Ministerial Consultation on HCFC policies & legislation in Belgrade, Serbia, 23-24 March 2009 (followed by a 2-day contact group meeting on the same subject with Ozone Officers, 24-26 March 2009)

Recommendations

090323 SER HCFC recommendations.pdf

Meeting documents

090323 SER HCFC agenda.doc

090323 SER HCFC participants.doc

090323 SER HCFC concept note.doc

090323 SER HCFC logistics.doc

Fact sheets on HCFC policy measures

Fact sheets on HCFC policy measures.pdf

Presentations

090323 SER HCFC implementation schedule for HCFC policy measures.pdf

090323 01 Opportunities for Ozone layer and Climate protection Blaise Horisberger.pdf

090323 02 MP Decisions on HCFC phase-out Sophia Mylona.pdf

090323 03 Overview, approach and schedule of HPMP preparation George Anestis.pdf

090323 04 HPMP design (for Belgrade meeting) Vic Buxton.pdf

090323 05 Mandatory & voluntary HCFC policy options Janusz Kozakiewicz.pdf

090323 06 Existing & up-coming regulations on HCFCs & HFCs Cornelius Rhein.pdf

090323 07 Hungary experience in policy setting for HCFCs and HFCs Robert Toth.pdf

090323 08 Macedonia FYR HCFC policies Marin Kocov.pdf

090323 09 Croatia HCFC policies Snjezana Ilicic.pdf

090323 10 Turkey HCFC policies Evren Turkmenoglu.pdf

090323 11 Ozone- and climate-friendly technology options Daniel Colbourne.pdf

090323 12 HCFC phaseout in the foam sector UNIDO.pdf

090323 13 HCFC customs codes Halvart Koeppen.pdf

090323 13 WCO proposed HS codes Janusz Kozakiewicz.pdf

090323 14 UNEP OzonAction HCFC Help Centre.pdf

090323 15 Initiating regional cooperation on ODS trade in ECA network countries Halvart Koeppen.PDF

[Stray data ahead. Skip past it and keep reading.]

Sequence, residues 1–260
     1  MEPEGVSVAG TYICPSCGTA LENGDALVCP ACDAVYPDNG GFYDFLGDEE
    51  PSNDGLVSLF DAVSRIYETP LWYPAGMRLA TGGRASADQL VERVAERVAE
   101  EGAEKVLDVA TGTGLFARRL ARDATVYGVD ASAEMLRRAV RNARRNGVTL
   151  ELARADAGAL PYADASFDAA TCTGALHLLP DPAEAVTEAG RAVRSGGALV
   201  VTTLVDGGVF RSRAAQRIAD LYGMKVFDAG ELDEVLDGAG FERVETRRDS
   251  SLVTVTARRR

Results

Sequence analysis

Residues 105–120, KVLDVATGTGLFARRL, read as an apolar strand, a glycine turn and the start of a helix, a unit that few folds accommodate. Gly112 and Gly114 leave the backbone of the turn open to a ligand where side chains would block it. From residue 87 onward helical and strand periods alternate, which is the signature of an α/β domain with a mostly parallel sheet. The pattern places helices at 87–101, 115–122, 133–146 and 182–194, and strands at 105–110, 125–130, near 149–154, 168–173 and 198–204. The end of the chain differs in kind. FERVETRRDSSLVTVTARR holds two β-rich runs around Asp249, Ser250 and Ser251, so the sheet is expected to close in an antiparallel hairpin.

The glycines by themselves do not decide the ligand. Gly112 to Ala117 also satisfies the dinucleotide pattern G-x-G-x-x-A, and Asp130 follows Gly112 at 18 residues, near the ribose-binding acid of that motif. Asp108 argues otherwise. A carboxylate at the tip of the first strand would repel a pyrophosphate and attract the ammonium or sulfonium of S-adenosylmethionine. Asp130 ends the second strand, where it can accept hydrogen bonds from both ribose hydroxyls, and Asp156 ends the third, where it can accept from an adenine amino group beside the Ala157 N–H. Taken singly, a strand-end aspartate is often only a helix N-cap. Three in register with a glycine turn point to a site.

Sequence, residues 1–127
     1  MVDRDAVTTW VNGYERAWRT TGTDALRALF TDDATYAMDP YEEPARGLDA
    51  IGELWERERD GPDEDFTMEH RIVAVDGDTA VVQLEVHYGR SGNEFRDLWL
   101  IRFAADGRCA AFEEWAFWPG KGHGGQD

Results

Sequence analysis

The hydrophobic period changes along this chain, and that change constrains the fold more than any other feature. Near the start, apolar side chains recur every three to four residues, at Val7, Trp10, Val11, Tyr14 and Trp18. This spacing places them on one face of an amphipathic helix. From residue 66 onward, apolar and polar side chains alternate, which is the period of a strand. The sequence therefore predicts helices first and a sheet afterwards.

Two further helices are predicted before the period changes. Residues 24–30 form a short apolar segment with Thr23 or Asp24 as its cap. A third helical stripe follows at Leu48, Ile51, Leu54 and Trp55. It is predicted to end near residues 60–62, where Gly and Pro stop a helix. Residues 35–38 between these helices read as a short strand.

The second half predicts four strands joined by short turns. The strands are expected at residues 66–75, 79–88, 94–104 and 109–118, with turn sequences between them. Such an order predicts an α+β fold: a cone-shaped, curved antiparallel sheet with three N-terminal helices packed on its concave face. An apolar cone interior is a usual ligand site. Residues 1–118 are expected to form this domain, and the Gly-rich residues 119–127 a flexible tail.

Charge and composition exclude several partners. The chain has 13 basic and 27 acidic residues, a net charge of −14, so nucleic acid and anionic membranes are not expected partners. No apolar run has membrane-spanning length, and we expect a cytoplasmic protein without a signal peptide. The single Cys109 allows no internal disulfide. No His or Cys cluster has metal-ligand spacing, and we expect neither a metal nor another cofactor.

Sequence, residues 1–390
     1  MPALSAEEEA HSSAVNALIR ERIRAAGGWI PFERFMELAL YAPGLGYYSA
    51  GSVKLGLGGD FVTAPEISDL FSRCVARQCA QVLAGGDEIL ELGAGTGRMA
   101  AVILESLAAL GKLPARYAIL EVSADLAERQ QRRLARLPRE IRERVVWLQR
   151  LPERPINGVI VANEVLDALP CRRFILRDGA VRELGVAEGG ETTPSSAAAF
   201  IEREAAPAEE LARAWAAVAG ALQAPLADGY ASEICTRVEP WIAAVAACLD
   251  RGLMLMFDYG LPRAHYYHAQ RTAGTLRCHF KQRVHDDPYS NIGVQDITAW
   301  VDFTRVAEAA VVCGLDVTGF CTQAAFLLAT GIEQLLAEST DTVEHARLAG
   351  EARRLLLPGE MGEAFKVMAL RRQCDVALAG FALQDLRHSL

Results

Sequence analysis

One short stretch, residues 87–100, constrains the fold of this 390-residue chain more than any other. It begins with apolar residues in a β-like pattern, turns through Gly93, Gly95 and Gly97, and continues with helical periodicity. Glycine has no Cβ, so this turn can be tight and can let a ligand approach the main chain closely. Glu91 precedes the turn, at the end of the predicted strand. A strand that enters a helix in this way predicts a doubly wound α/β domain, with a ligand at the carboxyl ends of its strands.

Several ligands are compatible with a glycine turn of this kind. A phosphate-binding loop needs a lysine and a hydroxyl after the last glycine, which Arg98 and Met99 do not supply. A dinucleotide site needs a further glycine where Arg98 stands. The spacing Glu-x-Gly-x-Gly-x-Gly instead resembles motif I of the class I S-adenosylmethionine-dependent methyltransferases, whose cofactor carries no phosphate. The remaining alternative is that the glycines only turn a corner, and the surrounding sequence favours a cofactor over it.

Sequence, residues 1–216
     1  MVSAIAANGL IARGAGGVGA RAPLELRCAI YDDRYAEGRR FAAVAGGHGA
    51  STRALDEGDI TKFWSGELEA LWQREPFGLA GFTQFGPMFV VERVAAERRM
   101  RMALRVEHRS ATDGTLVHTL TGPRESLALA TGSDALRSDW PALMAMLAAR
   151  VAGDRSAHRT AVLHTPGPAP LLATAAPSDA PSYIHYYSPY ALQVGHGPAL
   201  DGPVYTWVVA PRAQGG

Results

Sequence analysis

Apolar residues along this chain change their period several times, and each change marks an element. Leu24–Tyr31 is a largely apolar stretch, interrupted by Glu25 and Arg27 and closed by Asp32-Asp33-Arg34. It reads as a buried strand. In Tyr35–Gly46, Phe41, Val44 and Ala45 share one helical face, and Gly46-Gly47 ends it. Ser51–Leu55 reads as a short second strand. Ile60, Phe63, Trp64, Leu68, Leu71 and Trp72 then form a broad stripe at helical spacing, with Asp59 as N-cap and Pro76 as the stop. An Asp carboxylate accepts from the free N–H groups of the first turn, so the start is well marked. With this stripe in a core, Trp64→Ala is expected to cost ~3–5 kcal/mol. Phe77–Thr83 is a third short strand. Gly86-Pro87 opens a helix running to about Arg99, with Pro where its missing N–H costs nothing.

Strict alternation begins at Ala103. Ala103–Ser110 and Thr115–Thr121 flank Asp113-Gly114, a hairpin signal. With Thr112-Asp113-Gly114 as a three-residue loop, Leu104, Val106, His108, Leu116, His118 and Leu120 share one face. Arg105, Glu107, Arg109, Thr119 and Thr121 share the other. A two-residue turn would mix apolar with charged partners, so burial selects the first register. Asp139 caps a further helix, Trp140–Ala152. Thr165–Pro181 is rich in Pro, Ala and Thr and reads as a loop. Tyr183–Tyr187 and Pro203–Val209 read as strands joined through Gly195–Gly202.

090323 16 Discrepancies between reported exports & imports Halvart Koeppen.pdf

090323 16 Import-Export data discrepancies Sophia Mylona.pdf

Background


Adjustment to the Montreal Protocol on HCFC control measures

The 19th Meeting of the Parties in 2007 agreed the historical adjustment to the Montreal Protocol (Decision XIX/6) accelerating the phase-out schedule for HCFC consumption and production as follows:

(a) Freeze in 2013 at the baseline level of 2009-2010
(b) 10% reduction by 2015
(c) 35% reduction by 2020
(d) 67.5% reduction by 2025
(e) While allowing for servicing an annual average of 2.5% during the period 2030?040

Climate benefits from Montreal Protocol implementation

This presents an opportunity to not only protect the ozone layer, but also to have a significant climate protection impact, since HCFCs are also powerful greenhouse gases. For example, the most commonly-used of these substances, HCFC-22, has a GWP of nearly 1800 times that of CO2.

If zero or low-GWP substitute technologies are adopted by countries to replace HCFCs, the new controls could deliver cumulative emission reductions of around 12 to 16 billion metric tonnes of carbon dioxide (GtCO2-eq) over the coming decades. There is also an opportunity to gain significant additional climate benefits from improved energy efficiency. Well-targeted national policies and legislation are the key to promoting these dual ozone and climate protection benefits in Article 5 countries.

Reference to MOP and ExCom decisions

Paragraph 9 of the same decision also encourages Parties to promote the selection of alternatives to HCFCs that minimize environmental impacts, in particular impacts on climate, as well as meeting other health, safety and economic considerations

Paragraph 11 requests the Executive Committee to give priority to cost-effective projects and programmes which focus on, inter alia: